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Well I solved the problem of running out of memory when accessing the PDF files, but now it seems that when I try to access big files via Chrome or Firefox I get gibberish. It doesn't open Adobe, it just display it as a page with millions of characters. Im using the code below to get it to the user, any ideas on why it would be doing this?

case "PDF":
     context.Response.ContentType = "application/pdf";
     context.Response.AddHeader("content-disposition", "inline; filename=" + asset.A_Name);
}

context.Response.BinaryWrite(content);
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2 Answers

up vote 3 down vote accepted

You have to add a content length header to the response. Its a problem with IIS chunked encoding. Look here.

context.Response.AddHeader("Content-Length", fileInfo.Length.ToString());

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I implemented this, and it works for some of my PDFs, but it seems that large ones are still displaying the gibberish. You have any idea what would cause this? I also tried adding the Response.Clear() before my switch and it does nothing. –  atrljoe Jul 25 '11 at 14:52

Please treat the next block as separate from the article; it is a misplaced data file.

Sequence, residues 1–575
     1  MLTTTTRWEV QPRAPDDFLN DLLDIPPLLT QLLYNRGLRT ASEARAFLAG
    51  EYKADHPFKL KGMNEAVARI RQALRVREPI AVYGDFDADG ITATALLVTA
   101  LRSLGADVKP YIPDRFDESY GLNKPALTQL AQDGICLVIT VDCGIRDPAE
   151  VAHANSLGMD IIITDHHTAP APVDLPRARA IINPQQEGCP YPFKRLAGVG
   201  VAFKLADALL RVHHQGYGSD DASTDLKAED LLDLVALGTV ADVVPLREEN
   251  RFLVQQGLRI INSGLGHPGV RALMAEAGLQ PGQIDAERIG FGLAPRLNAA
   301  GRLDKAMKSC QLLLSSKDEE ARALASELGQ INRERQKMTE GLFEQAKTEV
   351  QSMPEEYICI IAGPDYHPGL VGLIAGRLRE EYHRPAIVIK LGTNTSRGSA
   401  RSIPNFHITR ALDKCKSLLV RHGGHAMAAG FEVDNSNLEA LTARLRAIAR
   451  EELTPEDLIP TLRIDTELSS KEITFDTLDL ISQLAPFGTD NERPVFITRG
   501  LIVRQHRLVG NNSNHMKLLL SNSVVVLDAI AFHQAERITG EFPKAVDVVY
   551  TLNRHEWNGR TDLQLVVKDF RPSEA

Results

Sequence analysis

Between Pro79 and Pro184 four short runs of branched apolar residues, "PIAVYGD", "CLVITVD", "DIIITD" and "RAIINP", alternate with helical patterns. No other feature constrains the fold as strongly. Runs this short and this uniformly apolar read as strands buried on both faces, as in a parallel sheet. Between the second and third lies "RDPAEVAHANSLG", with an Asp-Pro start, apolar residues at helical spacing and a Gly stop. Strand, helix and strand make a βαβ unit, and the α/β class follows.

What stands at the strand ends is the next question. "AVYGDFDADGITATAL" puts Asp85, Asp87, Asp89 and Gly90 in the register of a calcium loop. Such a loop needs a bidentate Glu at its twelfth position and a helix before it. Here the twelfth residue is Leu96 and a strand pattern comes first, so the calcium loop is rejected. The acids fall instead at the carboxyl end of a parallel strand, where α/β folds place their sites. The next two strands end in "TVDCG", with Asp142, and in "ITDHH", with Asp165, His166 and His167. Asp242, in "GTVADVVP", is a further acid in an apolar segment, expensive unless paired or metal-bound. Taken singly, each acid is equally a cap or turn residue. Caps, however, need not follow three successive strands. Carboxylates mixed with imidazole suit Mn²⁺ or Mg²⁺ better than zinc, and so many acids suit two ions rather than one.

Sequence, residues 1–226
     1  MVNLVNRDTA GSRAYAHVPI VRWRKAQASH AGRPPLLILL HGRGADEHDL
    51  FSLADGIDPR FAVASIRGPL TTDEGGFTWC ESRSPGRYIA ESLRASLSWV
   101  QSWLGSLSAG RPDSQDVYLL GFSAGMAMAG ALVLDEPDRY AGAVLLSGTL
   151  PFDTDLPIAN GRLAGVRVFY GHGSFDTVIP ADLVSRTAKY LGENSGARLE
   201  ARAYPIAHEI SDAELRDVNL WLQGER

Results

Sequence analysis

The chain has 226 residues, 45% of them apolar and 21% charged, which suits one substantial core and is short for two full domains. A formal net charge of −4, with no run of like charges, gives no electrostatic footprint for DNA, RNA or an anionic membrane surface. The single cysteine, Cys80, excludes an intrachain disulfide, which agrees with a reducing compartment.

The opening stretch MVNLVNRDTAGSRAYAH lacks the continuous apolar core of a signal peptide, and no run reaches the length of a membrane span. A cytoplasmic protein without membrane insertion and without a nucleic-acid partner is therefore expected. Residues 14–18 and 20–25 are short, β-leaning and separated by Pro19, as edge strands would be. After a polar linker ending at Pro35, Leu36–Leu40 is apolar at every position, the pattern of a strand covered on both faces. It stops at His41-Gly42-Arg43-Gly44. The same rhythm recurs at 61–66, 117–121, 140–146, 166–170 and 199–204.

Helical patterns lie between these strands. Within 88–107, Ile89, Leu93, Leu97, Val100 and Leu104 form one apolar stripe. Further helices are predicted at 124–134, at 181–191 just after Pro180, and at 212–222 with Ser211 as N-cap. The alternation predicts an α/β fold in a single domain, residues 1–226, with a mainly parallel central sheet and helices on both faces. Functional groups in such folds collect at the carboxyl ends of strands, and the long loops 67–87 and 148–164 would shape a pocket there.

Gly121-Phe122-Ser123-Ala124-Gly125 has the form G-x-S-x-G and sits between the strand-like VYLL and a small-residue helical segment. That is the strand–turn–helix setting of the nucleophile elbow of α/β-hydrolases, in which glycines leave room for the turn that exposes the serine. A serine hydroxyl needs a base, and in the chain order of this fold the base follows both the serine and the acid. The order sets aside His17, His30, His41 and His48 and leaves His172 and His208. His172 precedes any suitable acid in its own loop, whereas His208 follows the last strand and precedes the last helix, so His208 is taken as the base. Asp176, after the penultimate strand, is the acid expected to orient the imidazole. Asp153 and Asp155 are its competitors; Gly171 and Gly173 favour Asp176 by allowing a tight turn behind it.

does it work in IE? also try setting Response.Buffer = false. –  coder net Jul 25 '11 at 15:50
    
I tried adding the buffer, and that did nothing. It does work in IE, but no other browsers. Thanks for your help so far, you have any other ideas? –  atrljoe Jul 25 '11 at 16:55
    
I'm not sure. It seems to work for me. How large is the file.. Also, is it possible to try Response.TransmitFile and see? –  coder net Jul 25 '11 at 17:06
    
I am using BinaryWrite. well after checking the file size I noticed that it doesn't do this on files less than 10MB in size. What would cause that? This has me even more perplexed on whats going on. –  atrljoe Jul 25 '11 at 17:07
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Has anything already been written to the Response stream? Make sure to call Response.Clear() first.

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